And finally would you be willing to participate in a one day networking workshop with other individuals in the food system/ agricultural arena?
“I will be unable to attend; I have started my masters program which has filled my schedule too full. I have however given positive feedback to other agriculture teachers who are interested.”
About Young Mi Kaneshiro:
In her personal life, she has begun her own home scale vermicomposting set up and has [passed on worms to friends. Once mastered she is looking at expanding and bringing this operation to her work office with the Chicago Park District.
Professionally, the training received at Growing Power has inspired the beginning of the Jackson Park community garden which will be active this 2005 growing season. The Chicago Park District, in partnership with Growing Power, is looking for sites within the City of Chicago to do composting. This will been 1 -2 year process.
The Michigan Integrated Food and Farming Systems’(MIFFS) Multicultural Farmers Program has worked with Growing Power over the past several years helping spread the word about sustainable agriculture. We visited when we participated in their programs in October of 2004 and again when we participated in the Community food Coalition Conference in December. MIFFS Multicultural Farmers Program has partnered with Growing Power for the past five years. We have learned from the educational workshops provided on vermiculture, aquaculture and marketing. Growing Power’s Will Allen and Erika Allen have presented to our farmers at our Michigan Family farms Conference here in Michigan. They really share what they know with others.
There are few effective training programs weaving together community food security and sustainable agriculture the way this one does. There are even fewer that incorporate issues of urban agriculture and cultural awareness. The proposed trainings by Growing Power cover this range of issues and do so with a hands-on approach that facilitates quick absorption of the knowledge presented.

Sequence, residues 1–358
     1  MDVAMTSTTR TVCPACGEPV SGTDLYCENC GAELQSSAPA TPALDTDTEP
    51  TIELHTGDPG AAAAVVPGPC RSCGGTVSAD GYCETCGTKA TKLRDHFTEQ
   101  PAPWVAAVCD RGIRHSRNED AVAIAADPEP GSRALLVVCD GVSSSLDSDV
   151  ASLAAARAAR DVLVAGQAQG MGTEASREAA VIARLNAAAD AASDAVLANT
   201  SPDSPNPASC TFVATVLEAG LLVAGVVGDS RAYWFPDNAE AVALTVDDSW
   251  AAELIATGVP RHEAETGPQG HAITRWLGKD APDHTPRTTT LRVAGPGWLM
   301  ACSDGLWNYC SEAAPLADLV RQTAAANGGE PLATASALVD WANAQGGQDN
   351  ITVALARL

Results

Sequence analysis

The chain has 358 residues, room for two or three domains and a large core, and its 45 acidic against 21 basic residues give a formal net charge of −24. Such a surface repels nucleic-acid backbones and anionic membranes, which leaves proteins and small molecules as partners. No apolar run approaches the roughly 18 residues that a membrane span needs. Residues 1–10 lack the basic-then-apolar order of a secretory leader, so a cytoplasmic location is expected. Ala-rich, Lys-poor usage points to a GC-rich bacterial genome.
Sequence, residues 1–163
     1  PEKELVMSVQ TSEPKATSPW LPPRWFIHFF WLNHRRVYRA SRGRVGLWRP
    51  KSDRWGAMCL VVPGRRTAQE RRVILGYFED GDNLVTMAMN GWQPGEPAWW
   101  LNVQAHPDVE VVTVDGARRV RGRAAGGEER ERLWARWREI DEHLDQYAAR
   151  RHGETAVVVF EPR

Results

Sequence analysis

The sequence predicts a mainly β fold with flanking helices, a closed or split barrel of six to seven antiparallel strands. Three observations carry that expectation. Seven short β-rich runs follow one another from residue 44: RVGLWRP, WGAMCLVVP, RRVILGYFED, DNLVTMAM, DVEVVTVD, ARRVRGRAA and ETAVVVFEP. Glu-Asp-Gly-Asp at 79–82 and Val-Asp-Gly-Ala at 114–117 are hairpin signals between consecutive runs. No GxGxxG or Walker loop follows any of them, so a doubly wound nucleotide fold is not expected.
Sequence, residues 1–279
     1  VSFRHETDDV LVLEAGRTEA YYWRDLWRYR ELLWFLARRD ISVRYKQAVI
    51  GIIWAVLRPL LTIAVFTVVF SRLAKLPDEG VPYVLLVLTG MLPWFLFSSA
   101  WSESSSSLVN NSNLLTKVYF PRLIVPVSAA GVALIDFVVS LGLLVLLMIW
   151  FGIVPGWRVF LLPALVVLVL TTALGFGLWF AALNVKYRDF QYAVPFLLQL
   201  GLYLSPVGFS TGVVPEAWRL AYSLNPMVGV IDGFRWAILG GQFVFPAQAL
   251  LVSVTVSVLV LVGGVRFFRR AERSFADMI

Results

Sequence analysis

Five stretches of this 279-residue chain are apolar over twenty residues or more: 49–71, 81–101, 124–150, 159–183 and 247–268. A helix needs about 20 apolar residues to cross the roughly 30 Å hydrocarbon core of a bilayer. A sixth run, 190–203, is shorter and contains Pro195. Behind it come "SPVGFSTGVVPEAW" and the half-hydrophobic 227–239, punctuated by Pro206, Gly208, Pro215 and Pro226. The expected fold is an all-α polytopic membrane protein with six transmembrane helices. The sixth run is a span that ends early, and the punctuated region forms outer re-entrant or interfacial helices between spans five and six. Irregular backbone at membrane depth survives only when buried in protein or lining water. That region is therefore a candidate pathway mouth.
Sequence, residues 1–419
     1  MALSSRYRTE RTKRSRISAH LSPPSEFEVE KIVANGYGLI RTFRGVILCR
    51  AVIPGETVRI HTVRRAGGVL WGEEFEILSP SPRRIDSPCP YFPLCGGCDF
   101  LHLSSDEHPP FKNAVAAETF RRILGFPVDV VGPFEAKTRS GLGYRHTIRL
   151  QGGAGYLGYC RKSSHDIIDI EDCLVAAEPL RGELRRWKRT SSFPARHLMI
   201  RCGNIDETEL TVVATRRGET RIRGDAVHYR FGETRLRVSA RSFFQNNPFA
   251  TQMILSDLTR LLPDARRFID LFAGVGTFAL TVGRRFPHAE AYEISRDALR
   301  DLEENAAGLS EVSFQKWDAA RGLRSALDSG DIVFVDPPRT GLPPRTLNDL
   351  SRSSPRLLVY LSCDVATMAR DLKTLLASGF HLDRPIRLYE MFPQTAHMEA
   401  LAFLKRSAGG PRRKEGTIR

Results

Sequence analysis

Excerpts from post workshop evaluations:
“It has really inspired me to incorporate as many different educational tools into the farm as possible…getting my hands dirty.” -Jessica Feeser, Oberlin College Student Cooperative Association, April 2005
“I feel confident in my ability to set up a vermicompost program and I plan to head back and get started and pass along the knowledge.” -Meredith Dowling, Ecological Design Innovation Center, Ohio April 2005
“I really like being able to get my hands dirty and jump right in to learn. I think hands-on learning is the best way for people to learn and to be able to replicate their experience.” -Melanie Houston, Helping Hands, Newark, Ohio March 22 2004
“I liked the participatory method!” -Maria Alvarez, March 22, 2004, NIFI New Immigrant Farmer Initiative
“…wonderful diversity of people to learn from, the trainers at the workshop had friendly, open attitudes!” -Dr. Jerry Dewitt, Iowa State Extension Representative, April 4, 2004